Overuse of antibiotics in the worried well and in the food industry is also culpable. This is a complex issue because antibiotics are arguably the greatest medical invention of the 20th century. They have saved millions of lives since they became widely available in the 1940s and underuse of antibiotics is also dangerous, because late treatment of sepsis is associated with higher risk of death.
Several of the other determinants of how an individual's gut microbiome are being affected are sensitive topics of discussion. These include: mode of birthing delivery; breastfeeding versus formula and exposure to antibiotics early in life. It is important to stress that there are often strong medical, societal and personal factors at play.
As humans, we have autonomy to make decisions about behaviours that impact upon our own health. If our behaviours adversely affects others, though, there are societal, medical or legal pressures to avoid them. But surely my gut health and microbial diversity are my business and don’t impact others? Unfortunately, and amazingly, this isn’t the case. The UPF diet and other sequelae of modernisation have led to a vast reduction of the gut microbes in the Western world. This is a legacy that is being handed down to our offspring.
Gut microbes are transmitted between people, with greatest transmission being between couples and between parents and their children. This transmission helps maintain high levels of diversity in our guts. A fascinating study showed that mice whose microbiome was fed a fibre poor diet experienced a loss of microbial species that transferred to the next generation of mice. Whilst microbial loss was reversible to some degree when first generation offspring were fed a high fibre diet, this reversibility was lost over the generations, and the temporary microbial loss became a permanent extinction from this line.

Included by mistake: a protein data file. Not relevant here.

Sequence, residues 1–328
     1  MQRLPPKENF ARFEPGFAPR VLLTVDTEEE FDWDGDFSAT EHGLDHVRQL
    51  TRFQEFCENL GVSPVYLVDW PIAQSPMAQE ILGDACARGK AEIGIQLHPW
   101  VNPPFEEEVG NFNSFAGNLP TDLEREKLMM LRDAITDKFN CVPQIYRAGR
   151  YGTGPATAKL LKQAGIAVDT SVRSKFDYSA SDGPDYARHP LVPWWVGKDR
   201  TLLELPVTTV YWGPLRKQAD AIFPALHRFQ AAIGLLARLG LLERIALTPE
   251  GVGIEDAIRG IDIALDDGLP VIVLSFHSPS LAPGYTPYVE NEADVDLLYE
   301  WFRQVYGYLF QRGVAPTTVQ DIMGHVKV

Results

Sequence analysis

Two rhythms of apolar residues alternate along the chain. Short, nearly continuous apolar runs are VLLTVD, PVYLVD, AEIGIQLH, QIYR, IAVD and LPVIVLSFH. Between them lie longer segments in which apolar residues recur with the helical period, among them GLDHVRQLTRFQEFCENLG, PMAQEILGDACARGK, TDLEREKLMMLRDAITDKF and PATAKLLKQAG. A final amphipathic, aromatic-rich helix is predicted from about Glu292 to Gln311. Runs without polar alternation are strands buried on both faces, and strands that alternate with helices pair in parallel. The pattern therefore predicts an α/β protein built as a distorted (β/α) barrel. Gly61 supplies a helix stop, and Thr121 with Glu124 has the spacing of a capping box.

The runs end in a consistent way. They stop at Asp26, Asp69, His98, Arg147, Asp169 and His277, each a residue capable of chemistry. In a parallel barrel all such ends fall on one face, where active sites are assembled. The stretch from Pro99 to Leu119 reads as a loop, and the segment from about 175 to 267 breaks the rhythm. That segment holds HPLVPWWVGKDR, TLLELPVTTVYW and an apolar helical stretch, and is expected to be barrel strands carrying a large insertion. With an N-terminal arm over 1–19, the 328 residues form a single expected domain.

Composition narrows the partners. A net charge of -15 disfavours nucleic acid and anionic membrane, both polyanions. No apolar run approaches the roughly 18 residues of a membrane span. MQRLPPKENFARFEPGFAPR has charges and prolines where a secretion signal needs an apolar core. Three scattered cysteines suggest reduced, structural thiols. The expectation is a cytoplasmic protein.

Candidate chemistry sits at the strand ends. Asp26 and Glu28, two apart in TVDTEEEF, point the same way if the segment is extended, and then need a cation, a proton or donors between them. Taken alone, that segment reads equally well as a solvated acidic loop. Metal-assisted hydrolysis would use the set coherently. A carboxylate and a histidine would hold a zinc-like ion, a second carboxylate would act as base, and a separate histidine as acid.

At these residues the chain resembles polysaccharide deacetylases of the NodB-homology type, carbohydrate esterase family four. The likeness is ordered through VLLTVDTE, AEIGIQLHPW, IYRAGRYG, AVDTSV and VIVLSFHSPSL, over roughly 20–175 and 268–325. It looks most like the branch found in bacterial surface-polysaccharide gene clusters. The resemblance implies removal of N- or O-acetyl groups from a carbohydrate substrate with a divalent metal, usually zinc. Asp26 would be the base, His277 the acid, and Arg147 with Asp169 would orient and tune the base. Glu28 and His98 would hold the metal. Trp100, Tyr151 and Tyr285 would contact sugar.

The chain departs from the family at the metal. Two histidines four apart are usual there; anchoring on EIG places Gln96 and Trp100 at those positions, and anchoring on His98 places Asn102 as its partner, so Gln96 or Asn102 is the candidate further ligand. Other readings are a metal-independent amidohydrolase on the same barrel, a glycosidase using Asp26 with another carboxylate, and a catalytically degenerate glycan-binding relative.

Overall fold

This corroborates other evidence that suggests that we are witnessing an extinction of gut microbes from our bodies as individuals and as whole societies. To return to the rainforest analogy, just as we want to avoid the deforestation tipping point for the Amazon, where the destruction becomes too widespread and the rainforest degrades to a Savannah, so we want to avoid the microbiome tipping point where reduced gut microbial diversity can no longer support a healthy human being. We don’t want to rob our future generations of the opportunity of having a diverse and healthy gut microbiome and the many known, and as yet undiscovered, health advantages that come with that.